Alpha helix capping in synthetic model peptides by reciprocal side chain–main chain interactions: Evidence for an N terminal “capping box”

Hongxing X. Zhou, Pingchiang Lyu, David E. Wemmer, Neville R. Kallenbach

Research output: Contribution to journalArticlepeer-review


A significant fraction of the amino acids in proteins are alpha helical in conformation. Alpha helices in globular proteins are short, with an average length of about twelve residues, so that residues at the ends of helices make up an important fraction of all helical residues. In the middle of a helix, H‐bonds connect the NH and CO groups of each residue to partners four residues along the chain. At the ends of a helix, the H‐bond potential of the main chain remains unfulfilled, and helix capping interactions involving bonds from polar side chains to the NH or CO of the backbone have been proposed and detected. In a study of synthetic helical peptides, we have found that the sequence Ser‐Glu‐Asp‐Glu stabilizes the alpha helix in a series of helical peptides with consensus sequences. Following the report by Harper and Rose, which identifies SerXaaXaaGlu as a member of a class of common motifs at the N termini of alpha helices in proteins that they refer to as “capping boxes,” we have reexamined the side chain–main chain interactions in a varient sequence using 1H NMR, and find that the postulated reciprocal side chain‐backbone bonding between the first Ser and last Glu side chains and their peptide NH partners can be resolved: Deletion of two residues N terminal to the Ser‐Glu‐Asp‐Glu sequence in these peptides has no effect on the initiation of helical structure, as defined by two‐dimensional (2D) NMR experiments on this variant. Thus the capping box sequence Ser‐Glu‐Asp‐Glu inhibits N terminal fraying of the N terminus of alpha helix in these peptides, and shows the side chain–main chain interactions proposed by Harper and Rose. It thus acts as a helix initiating signal. Since normal a helix cannot propagate beyond the N terminus of this structure, the box acts as a termination signal in this direction as well. © 1994 John Wiley & Sons, Inc.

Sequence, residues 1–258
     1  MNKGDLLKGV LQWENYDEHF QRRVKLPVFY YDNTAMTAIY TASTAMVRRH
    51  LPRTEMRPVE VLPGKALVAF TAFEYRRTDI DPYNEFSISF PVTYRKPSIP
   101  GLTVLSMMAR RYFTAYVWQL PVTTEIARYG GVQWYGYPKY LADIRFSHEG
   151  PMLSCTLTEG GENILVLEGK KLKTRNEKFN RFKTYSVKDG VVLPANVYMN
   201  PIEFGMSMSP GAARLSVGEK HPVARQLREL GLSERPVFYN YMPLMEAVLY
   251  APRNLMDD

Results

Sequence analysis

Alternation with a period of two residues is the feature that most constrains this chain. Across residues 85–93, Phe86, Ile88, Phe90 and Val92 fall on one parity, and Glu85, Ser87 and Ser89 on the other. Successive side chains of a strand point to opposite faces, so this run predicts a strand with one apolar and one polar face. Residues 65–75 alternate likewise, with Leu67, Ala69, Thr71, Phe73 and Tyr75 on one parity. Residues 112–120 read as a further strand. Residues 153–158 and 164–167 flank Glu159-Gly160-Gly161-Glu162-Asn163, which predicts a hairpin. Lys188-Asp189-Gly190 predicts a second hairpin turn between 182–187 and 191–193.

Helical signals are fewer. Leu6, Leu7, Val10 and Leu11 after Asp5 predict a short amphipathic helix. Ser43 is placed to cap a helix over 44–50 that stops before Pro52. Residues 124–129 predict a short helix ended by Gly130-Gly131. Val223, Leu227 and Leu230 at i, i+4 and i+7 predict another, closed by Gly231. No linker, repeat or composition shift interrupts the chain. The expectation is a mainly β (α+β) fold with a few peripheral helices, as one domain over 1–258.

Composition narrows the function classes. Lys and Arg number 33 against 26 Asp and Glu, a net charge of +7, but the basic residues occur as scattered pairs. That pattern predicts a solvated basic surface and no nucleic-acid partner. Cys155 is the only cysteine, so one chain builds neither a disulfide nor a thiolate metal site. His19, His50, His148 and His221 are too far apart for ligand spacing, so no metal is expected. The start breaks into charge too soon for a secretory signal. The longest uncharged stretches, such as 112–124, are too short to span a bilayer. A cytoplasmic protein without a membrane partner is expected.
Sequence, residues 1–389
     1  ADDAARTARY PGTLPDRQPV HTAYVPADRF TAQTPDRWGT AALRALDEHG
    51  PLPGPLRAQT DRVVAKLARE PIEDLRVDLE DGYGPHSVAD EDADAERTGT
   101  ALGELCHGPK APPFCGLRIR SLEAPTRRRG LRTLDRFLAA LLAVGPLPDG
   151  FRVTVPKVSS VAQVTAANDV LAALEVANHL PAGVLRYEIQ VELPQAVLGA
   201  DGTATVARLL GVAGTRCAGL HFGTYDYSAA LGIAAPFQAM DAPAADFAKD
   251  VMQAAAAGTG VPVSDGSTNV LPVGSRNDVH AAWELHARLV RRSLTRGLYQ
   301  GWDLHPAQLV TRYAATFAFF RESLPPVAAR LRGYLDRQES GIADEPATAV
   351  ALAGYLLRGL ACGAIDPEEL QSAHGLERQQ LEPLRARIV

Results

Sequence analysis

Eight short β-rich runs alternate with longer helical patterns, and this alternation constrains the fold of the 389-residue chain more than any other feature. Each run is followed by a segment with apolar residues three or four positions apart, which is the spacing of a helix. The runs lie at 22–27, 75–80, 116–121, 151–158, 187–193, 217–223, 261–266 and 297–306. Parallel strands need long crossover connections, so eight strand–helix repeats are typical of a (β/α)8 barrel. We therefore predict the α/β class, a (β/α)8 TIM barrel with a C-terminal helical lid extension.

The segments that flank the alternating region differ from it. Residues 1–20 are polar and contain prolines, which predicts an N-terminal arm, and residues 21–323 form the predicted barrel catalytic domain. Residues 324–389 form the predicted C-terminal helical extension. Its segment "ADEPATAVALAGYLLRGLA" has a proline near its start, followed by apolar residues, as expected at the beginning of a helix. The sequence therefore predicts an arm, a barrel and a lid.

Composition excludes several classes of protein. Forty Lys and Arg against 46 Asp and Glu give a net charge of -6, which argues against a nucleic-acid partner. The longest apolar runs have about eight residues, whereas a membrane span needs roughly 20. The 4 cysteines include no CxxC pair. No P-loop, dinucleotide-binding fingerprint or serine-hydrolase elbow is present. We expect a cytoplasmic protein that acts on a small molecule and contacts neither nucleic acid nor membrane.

Original languageEnglish (US)
Pages (from-to)1-7
Number of pages7
JournalProteins: Structure, Function, and Bioinformatics
Issue number1
StatePublished - Jan 1994


  • H nmr
  • circular dichroism
  • protein folding
  • synthetic peptides
  • α‐helix capping
  • α‐helix initiation
  • α‐helix termination

ASJC Scopus subject areas

  • Structural Biology
  • Biochemistry
  • Molecular Biology


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